Back in March, Honeywell said that it would make the world’s most powerful quantum computer “within the next three months”. Fast forward to June and the multinational conglomerate delivers on its promise with the launch of a system that features a quantum volume of 64— twice as powerful as the next fastest system.
Quantum computing refers to the use of quantum-mechanical phenomena (superposition and entanglement) to perform computation. The quantum volume is a measurement that takes into account the number of quantum bits (or qubits) of a machine as well as their connectivity and error rates.
Tony Uttley, the President of Honeywell Quantum Solutions, said, “What makes our quantum computers so powerful is having the highest quality qubits, with the lowest error rates. This is a combination of using identical, fully connected qubits and precision control.”
What are quantum computers?
Quantum computers are believed to be able to solve computational problems faster than classical computers and promise to outperform even the most capable of present and future supercomputers. To envision what a quantum computer looks like, Tony says to imagine computers from 60 years ago which would take up a full room and have wires running everywhere.
Quantum computers investigate many potential outcomes at the same time. While traditional computing bits are in a state of either “0” or “1”, the qubits of a quantum system can be in both states at the same time. This property of a quantum computer is called superposition.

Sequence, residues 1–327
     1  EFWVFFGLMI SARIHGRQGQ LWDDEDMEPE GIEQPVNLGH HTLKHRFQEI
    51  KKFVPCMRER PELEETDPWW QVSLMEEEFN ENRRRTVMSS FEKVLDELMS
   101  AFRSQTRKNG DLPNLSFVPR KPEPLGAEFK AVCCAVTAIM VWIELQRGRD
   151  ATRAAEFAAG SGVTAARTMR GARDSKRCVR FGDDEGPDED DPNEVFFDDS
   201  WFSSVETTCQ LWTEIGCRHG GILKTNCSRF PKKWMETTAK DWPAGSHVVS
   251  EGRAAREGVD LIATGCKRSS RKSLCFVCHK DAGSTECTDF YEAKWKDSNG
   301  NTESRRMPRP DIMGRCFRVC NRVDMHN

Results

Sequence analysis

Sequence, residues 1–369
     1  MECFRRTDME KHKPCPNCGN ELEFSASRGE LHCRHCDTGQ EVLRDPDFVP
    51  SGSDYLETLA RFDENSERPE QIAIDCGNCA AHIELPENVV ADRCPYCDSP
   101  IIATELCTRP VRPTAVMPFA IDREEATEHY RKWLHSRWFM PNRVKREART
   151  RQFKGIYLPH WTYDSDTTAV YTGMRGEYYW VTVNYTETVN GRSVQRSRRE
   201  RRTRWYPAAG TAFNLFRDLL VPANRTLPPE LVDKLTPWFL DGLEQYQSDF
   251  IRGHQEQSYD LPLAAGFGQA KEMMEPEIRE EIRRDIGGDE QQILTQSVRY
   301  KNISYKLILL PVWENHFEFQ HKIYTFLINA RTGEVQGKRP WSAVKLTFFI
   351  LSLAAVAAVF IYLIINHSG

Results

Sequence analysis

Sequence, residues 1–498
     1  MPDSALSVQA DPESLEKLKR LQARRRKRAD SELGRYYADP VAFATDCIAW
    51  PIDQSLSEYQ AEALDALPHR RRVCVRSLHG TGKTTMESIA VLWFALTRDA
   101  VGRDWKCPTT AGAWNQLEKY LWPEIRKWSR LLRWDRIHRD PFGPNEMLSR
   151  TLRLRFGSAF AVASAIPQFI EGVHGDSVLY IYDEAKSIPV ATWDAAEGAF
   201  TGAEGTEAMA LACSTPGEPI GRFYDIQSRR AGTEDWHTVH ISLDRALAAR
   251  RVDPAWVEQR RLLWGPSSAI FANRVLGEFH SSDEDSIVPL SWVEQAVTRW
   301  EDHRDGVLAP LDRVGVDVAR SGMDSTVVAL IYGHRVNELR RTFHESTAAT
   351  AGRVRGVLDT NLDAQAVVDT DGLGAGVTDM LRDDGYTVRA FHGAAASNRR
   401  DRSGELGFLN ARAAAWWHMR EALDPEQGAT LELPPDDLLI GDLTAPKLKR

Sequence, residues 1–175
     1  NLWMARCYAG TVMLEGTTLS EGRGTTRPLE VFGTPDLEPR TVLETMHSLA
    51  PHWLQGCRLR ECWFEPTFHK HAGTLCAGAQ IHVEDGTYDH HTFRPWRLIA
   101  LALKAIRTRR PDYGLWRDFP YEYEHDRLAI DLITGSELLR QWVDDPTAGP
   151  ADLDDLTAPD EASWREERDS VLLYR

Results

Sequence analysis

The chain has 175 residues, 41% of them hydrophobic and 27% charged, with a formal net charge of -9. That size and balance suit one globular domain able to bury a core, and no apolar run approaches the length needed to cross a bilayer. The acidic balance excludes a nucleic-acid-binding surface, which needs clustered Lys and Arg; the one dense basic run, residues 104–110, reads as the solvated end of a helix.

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“That means that when you have these qubits interacting with each other in a computation, you get, what I call, a quantum superpower,” Tony said. “You get an exponential expansion in the number of values that can all be considered at the same time.”
The Honeywell quantum system
The core of the Honeywell system is an ultra-high vacuum chamber. It is a stainless steel sphere, about the size of a basketball with portals to allow in laser light, and from which the air has been pumped out such that it contains a vacuum of five times fewer particles than outer space. There are ion traps inside the chamber, each of which is the size of a small coin (24.3 mm). The ion plays the role of a qubit. The chamber is cryogenically cooled with liquid helium to bring the temperature of the iron trap chip to 10 degrees above absolute zero (-262.7 °C).
The ion traps are controlled by a laser, which is aimed at trapping the charge from outside the sphere through a small glass window. “Within the chamber, electric fields levitate individual atoms 0.1 mm above an ion trap, a silicon chip covered in gold about the size of a quarter. Scientists shine lasers at these positively charged atoms to perform quantum operations,” Honeywell said in a post.
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According to the company, the main focus while building the quantum computer was to eliminate the errors present within the system on smaller numbers of qubits and then working to scale up their number. Low errors in the quantum operations expand the quantum volume, thus increasing the capability of quantum computing.